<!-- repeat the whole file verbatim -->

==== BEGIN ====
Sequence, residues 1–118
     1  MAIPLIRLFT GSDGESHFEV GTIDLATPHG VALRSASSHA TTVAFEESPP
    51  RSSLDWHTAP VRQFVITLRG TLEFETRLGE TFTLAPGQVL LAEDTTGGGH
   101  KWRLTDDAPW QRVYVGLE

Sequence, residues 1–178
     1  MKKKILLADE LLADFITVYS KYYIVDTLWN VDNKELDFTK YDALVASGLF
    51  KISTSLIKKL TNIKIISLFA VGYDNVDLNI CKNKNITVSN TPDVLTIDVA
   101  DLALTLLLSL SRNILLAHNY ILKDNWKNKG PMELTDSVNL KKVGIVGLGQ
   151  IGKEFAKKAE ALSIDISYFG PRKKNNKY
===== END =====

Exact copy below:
Sequence, residues 1–118
     1  MAIPLIRLFT GSDGESHFEV GTIDLATPHG VALRSASSHA TTVAFEESPP
    51  RSSLDWHTAP VRQFVITLRG TLEFETRLGE TFTLAPGQVL LAEDTTGGGH
   101  KWRLTDDAPW QRVYVGLE

Sequence, residues 1–178
     1  MKKKILLADE LLADFITVYS KYYIVDTLWN VDNKELDFTK YDALVASGLF
    51  KISTSLIKKL TNIKIISLFA VGYDNVDLNI CKNKNITVSN TPDVLTIDVA
   101  DLALTLLLSL SRNILLAHNY ILKDNWKNKG PMELTDSVNL KKVGIVGLGQ
   151  IGKEFAKKAE ALSIDISYFG PRKKNNKY